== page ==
There is something out there that has plans for world domination and it's not the Joker from Batman. It's Volkswagen (OTCQX:VLKAY) - which plans to become the world's largest automaker by 2018. I admire the company for setting a lofty goal and working towards achieving it.
The company currently has a market cap of $66.37 billion and sells vehicles under the following brand names: Volkswagen, Audi, SEAT, KODA, Bentley, Bugatti, Lamborghini, Scania, and MAN. To reach its goal VW, is focusing on achieving 800,000 vehicle sales in the U.S. by 2018. This represents a 147% increase in U.S. vehicle sales - a lofty goal.
The Passat and Jetta are considered paramount for U.S. sales. The Passat is competing with the Honda (HMC) Accord, Toyota (TM) Camry, and Ford (F) Fusion. The Jetta is competing with the Honda Civic, Toyota Corolla, and Ford Focus. The Passat and Jetta would need to become best sellers in their class for Volkswagen to reach its goal. That is, unless the company can quickly develop other new great selling models. Could you envision more Passats and Jettas on the road than Civics, Accords, Corollas, and Camrys? That's one difficult challenge.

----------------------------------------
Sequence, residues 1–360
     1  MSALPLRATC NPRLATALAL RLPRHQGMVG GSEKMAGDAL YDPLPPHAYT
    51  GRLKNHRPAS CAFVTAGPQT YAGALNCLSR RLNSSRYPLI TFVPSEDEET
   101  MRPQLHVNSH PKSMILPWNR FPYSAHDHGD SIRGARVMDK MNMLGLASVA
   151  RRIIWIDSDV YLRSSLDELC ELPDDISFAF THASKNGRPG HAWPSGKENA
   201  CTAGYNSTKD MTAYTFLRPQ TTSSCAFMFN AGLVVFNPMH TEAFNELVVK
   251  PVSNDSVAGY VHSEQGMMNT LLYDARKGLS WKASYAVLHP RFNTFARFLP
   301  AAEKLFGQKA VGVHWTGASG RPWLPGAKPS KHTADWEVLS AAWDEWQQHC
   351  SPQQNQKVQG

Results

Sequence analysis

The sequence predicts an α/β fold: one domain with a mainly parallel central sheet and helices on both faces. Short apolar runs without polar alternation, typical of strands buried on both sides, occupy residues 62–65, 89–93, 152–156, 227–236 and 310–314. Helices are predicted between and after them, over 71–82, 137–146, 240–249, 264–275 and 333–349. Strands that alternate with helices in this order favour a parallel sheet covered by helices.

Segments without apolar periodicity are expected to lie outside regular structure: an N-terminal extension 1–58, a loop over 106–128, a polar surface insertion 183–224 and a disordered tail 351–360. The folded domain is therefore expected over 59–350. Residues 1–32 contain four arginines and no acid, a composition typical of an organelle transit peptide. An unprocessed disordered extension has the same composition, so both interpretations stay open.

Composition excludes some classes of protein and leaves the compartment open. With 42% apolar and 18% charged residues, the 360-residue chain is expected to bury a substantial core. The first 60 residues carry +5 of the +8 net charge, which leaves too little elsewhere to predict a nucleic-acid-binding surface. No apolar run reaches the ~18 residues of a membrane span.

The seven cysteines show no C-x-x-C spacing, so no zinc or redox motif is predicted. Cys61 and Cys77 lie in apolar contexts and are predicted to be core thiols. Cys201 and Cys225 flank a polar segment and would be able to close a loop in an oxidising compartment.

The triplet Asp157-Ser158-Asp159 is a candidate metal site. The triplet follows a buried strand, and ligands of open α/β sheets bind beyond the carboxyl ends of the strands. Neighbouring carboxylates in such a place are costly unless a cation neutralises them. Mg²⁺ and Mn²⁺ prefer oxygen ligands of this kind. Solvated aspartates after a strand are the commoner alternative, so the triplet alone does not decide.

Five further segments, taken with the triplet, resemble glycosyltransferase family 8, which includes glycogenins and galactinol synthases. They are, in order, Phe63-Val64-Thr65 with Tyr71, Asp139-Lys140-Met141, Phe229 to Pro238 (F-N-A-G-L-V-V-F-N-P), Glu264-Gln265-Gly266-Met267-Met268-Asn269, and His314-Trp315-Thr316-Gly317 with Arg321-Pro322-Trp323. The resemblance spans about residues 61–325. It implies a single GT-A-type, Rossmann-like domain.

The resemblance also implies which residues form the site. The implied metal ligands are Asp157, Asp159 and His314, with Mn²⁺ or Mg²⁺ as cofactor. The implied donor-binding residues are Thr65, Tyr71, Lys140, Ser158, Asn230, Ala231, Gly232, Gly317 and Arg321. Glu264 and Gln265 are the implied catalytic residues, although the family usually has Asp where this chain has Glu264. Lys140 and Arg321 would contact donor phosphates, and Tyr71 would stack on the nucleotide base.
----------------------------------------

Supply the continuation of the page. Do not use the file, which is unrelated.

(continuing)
The most important area that needs to be addressed by Volkswagen is reliability. Volkswagen has lagged behind Honda and Toyota for many years in the past. The recent 2012 Consumer Reports auto report shows Volkswagen towards the bottom of the heap for reliability with only Mercedes, GM (GM), and Chrysler below it. I find it difficult to believe that Volkswagen could become the number one automaker with such a poor reliability ranking. If it displayed a track record in the last several years of coming remotely close to Honda and Toyota, then I would have a different opinion.
If consumers are going to spend $20,000 or more for a vehicle, they are going to want one that is reliable for the long term. Volkswagen will need to quickly earn a new reputation for reliability to become the number one global seller of autos.
On the financial side, Volkswagen is deeply undervalued. It has a trailing PE ratio of 3.14, a forward PE of 6.22, and a PEG of 0.07. The stock is trading at $28 - which is under its book value per share of $32.
Volkswagen has a profit margin of 10%, operating cash flow of $9.26 billion, and free cash flow of $6.43 billion. The balance sheet looks good, as the company has 1.13 times more current assets than current liabilities.
Volkswagen is expected to grow earnings annually at a lofty 48.8% for the next five years. I have a difficult time believing that growth. I would believe it if Volkswagen ranked significantly higher in reliability. If Volkswagen was able to achieve this growth, the current stock price of $28 could reasonably grow to $204 in five years.
Although I do admire Volkswagen's efforts aimed at setting and working towards a lofty goal, I need to see more substance in its products before the goal becomes believable. German engineering has always been great for performance, but reliability has not matched that performance. Volkswagen still has a lot of work to do to make its dreams a reality.